Rain hopes drying up for farmers
WA farmers do not know whether they will be dancing in the rain or kicking up dust to start winter as they weigh up conflicting information from leading forecasters.
The Weather Bureau put Australia on an El Nino footing yesterday but still predicts May to July will be wetter than average.
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It said dry conditions normally associated with the phenomenon would be offset by a warmer than average Indian Ocean until the second half of the year.
The Department of Agriculture and Food WA and the Australian Export Grains Innovation Centre disagree and predict dry conditions.
WAFarmers vice-president Tony York said grain and livestock producers did not have enough confidence in the conflicting forecasts to make hard decisions.
"We are punters at heart and we can't make any money out of not putting a crop in the ground," he said. "The forecasts are only right two years in three at best."
If all forecasts were the same, they were taken more seriously.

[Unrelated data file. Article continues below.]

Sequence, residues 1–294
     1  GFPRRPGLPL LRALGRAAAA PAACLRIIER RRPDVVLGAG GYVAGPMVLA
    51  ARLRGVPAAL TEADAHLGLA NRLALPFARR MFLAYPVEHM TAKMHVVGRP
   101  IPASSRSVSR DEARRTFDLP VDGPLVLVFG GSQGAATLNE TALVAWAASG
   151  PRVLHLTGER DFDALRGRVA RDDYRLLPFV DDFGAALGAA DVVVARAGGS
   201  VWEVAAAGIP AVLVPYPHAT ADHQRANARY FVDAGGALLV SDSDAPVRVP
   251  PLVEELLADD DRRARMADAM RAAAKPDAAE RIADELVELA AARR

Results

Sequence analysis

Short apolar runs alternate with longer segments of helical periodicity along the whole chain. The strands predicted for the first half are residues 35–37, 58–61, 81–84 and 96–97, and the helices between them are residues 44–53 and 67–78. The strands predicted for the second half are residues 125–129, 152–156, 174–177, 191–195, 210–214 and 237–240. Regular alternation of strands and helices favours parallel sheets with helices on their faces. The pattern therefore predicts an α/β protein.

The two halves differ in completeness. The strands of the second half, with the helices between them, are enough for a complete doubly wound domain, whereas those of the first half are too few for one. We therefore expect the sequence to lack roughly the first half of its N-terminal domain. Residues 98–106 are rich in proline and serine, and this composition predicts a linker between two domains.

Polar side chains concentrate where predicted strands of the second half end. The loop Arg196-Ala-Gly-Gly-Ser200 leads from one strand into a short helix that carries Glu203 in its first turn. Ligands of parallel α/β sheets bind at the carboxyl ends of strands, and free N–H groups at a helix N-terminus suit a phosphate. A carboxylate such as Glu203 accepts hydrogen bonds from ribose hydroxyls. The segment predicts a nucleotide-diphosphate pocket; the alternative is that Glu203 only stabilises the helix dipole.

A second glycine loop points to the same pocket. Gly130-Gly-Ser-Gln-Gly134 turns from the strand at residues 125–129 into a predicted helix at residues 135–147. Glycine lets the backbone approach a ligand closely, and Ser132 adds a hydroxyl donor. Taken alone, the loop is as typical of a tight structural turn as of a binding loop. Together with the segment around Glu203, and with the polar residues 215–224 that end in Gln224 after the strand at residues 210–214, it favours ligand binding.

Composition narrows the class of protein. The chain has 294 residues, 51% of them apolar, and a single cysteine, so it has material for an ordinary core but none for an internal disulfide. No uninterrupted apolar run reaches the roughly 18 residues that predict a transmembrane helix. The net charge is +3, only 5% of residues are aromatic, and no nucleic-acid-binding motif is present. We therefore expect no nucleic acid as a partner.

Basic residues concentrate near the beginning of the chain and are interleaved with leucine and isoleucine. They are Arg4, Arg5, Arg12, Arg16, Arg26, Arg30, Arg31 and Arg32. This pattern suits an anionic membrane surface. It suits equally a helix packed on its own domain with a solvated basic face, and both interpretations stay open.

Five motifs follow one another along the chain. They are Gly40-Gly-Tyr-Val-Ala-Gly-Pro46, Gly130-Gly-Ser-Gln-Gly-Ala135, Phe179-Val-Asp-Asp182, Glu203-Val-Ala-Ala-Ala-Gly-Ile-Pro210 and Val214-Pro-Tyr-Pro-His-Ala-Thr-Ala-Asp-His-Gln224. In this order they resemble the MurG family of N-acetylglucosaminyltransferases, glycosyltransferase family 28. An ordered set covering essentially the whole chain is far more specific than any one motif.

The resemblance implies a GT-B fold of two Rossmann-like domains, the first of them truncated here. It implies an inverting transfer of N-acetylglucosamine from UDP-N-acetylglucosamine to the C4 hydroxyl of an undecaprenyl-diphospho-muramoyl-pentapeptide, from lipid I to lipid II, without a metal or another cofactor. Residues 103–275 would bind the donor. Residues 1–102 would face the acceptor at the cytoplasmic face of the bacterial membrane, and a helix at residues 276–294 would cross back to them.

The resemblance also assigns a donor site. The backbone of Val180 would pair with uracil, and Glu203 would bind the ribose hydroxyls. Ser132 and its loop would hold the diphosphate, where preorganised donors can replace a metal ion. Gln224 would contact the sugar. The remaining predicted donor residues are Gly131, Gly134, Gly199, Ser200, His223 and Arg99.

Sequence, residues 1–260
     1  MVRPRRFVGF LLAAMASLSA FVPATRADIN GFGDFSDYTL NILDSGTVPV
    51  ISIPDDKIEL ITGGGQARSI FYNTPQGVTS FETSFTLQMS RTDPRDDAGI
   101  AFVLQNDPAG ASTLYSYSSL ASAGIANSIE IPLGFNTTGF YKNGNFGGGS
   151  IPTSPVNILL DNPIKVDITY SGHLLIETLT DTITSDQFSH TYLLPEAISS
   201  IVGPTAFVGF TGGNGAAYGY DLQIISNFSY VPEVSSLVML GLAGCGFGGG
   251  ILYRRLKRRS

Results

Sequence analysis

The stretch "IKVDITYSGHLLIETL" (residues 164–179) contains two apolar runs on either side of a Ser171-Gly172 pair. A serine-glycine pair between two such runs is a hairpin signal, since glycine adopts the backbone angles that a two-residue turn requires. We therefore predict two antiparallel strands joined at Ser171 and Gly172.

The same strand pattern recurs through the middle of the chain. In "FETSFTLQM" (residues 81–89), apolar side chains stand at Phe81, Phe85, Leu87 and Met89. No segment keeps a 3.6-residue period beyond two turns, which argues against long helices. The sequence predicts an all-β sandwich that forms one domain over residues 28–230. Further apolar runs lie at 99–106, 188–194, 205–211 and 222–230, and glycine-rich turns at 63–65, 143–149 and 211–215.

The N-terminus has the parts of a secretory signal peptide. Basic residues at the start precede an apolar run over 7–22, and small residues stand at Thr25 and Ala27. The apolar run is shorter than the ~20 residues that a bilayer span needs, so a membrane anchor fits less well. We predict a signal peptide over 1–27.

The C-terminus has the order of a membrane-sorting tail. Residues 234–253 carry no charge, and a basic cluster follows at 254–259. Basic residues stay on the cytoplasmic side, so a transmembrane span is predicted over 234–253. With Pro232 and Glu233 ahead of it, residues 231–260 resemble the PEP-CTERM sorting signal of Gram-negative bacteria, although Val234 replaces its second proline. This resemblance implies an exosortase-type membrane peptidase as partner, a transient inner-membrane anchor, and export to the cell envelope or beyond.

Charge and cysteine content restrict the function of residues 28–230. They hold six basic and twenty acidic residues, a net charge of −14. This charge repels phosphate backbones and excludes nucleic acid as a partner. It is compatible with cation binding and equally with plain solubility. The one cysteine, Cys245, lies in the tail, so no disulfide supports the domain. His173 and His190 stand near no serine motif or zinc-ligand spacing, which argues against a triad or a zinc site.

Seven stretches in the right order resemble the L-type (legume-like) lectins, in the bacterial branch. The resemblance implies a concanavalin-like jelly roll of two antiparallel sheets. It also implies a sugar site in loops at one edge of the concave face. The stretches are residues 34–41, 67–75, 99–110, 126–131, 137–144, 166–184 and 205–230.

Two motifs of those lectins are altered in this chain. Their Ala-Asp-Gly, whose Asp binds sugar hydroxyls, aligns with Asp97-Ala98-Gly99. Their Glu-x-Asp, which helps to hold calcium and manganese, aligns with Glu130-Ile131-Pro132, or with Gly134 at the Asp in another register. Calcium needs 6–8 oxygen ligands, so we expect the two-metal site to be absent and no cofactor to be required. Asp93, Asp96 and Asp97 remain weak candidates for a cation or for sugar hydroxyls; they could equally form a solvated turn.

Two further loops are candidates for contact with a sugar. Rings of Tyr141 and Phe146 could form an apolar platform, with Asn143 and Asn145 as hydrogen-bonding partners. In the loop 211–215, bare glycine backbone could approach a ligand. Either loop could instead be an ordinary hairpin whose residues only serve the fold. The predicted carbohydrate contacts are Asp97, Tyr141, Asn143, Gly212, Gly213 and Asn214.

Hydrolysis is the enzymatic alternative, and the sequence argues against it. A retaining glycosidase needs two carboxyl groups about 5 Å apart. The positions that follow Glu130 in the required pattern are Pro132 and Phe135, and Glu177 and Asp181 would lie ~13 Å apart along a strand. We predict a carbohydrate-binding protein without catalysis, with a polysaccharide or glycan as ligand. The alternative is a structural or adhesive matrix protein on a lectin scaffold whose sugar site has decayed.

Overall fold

Rain from cyclone Olwyn in late March and good falls early last month were a great springboard for most of the Wheatbelt as farmers prepared for seeding.
However, optimism of another bumper crop after a well above average result last season and a record harvest of 17 million tonnes in 2013-14 was drying up.
"The current weather pattern of dry conditions and warm maximum temperatures is reducing the production potential of the 2015 season," the Grain Industry Association of WA said.
Farmers throughout the Wheatbelt are hoping a cold front brings rain at the weekend.
But AEGIC agro-meteorologist David Stephens said the developing El Nino pattern and warm water south-west of WA would prevent cold fronts gaining the strength for widespread rain next week. Dr Stephens said the pattern was similar to a dry spell in late May and June last year.
Mr York is about two-thirds through seeding more than 10,000ha at Tammin despite the lack of rain. He said experience showed it was better to risk it.
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